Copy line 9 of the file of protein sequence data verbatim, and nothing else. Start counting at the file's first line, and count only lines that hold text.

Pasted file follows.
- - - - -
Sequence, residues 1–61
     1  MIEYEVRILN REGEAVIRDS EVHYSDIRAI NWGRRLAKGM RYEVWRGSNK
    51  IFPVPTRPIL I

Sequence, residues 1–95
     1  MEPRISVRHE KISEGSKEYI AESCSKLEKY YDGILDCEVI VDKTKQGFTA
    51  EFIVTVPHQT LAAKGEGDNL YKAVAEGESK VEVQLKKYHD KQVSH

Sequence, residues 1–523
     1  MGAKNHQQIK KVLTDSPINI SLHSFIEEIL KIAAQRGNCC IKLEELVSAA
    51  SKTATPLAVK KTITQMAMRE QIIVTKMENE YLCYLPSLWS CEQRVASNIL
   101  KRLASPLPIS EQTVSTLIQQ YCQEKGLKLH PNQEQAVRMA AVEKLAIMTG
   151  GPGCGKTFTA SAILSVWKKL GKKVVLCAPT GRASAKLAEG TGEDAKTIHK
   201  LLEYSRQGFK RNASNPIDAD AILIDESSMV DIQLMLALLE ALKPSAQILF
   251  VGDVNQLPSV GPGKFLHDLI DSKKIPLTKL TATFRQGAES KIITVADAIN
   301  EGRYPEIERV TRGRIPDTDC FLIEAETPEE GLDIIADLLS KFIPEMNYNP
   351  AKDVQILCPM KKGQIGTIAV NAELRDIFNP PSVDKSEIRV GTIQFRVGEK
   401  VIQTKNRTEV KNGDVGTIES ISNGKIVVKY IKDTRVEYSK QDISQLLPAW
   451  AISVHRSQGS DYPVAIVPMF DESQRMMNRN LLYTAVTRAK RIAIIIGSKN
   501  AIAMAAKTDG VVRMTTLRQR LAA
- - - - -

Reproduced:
    51  SKTATPLAVK KTITQMAMRE QIIVTKMENE YLCYLPSLWS CEQRVASNIL